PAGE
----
In Oleanna land is free,
The wheat and corn just plant themselves,
Then grow a good four feet a day,
While on your bed you rest yourself.
Beer as sweet as Muchener
Springs from the ground and flows away,
The cows all like to milk themsleves
And hens lay eggs ten times a day.
Little roasted piggies
Just rush about the city streets,
Inquiring so politely if
A slice of ham you’d like to eat.
–from “Oleanna”, translated from the Norwegian by Pete Seeger
Well. That was an intense, prejudice-challenging piece of theatre.
Full disclosure: Eric Smith, the director and one of the two stars of Get Off The Stage Productions production of Mamet’s Oleanna (brilliantly) directed my Guenevere earlier this year at the Walterdale. Maybe I’m prejudiced.
Smith and Cristina Falvollita are riveting as they perform the signature Mamet interrupt-and-talk-over dialogue, the intensity increasing steadily and uncomfortably through the two counterbalanced acts. Here the interruptions are power-differences manifest in speech: the powerful male professor repeatedly asks the female undergraduate what she thinks and just as often interrupts her to tell her what she thinks, and, more important to him, what he thinks. In the second act, the interruptions shift across the stage as the power shifts.
Smith and Fallvollita make the brutal climax inevitable, unexpected, and I would hope, painful for any audience. Oleanna argues forcefully, harshly, and, I think, correctly, that there can be no Utopia in which everyone’s rights and responsibilities are never compromised, in which middle-aged men with power never make unwitting but disastrous mistakes, where Political Correctness is always correct, or where pigs willingly sacrifice themselves to become our ham sandwiches.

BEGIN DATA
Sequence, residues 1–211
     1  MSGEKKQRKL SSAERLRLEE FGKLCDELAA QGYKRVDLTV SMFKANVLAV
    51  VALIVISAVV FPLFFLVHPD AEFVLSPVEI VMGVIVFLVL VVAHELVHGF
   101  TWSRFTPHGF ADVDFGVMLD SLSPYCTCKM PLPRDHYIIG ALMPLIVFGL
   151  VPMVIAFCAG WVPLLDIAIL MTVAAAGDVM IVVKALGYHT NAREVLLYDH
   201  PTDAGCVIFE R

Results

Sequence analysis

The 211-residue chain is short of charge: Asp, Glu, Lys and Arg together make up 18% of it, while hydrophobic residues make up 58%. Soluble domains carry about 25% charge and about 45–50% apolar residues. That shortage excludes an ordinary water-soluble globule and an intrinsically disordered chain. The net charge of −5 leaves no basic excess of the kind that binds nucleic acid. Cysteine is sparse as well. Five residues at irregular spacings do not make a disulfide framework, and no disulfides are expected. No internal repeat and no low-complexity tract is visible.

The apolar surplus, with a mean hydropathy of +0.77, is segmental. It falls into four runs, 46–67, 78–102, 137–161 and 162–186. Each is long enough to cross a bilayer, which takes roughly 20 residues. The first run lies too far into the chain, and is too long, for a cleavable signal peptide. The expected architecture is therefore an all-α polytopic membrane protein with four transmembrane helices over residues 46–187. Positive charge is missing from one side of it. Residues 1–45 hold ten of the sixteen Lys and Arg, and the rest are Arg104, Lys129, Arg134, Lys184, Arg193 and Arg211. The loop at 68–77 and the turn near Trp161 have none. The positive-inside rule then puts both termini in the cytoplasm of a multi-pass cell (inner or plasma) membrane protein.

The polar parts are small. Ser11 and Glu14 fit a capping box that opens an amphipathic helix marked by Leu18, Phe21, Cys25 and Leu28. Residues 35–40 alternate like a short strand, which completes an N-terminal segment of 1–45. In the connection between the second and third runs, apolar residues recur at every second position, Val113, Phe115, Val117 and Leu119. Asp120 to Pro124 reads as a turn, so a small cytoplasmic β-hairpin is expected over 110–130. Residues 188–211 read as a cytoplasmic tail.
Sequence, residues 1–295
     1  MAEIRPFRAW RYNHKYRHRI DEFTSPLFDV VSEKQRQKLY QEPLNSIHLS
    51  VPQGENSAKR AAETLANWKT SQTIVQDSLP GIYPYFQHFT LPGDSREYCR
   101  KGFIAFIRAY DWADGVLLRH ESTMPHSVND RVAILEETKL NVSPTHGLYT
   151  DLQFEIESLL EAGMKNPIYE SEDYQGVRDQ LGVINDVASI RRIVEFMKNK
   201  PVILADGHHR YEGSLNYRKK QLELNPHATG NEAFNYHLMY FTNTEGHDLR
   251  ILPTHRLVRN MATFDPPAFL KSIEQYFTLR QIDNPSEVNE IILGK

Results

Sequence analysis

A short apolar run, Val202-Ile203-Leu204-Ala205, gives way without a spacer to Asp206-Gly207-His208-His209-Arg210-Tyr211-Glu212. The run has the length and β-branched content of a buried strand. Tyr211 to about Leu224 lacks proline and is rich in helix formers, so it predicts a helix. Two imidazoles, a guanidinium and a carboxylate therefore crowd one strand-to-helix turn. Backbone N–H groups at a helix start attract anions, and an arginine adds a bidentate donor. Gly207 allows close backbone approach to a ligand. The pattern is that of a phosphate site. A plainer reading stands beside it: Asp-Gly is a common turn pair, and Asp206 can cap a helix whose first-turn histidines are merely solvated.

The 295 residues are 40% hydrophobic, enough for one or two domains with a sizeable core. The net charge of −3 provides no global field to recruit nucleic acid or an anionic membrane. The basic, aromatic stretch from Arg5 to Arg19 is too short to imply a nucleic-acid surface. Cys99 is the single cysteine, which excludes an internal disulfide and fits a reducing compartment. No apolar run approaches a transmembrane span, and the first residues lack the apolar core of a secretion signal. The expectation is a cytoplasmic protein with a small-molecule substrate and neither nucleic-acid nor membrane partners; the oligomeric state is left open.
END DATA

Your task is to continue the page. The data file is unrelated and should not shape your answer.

The world is a messy spatter-painting in infinite shades of grey. Mamet’s Oleanna forces us to face that world.
But will we see it?
I found it a strange thing as the house lights came up to hear the young ladies seated next to me, ladies very probably much like Fallavollita’s character Carol, I found it strange to hear them say “I liked it.” They had just watched two people destroyed on stage before them. Violently dismantled emotionally, psychologically, and physically, and: “I liked it”?
I was the last of the audience out of the theatre this afternoon. I stayed to shake Eric’s hand (with great respect as he and Cristina Fallavollita are also performing in The Sinner’s Club at the Fringe this week). Eric asked me,
“Did you like it?”
And, actually, yes.
Yes, I did like it.
You have three chances left to see Oleanna at the Edmonton Fringe: August 22 at 8:30, the 25th at Noon, and the 27th at 6:00. All performances are at the very appropriate Venue #9, the Telus Phone Museum.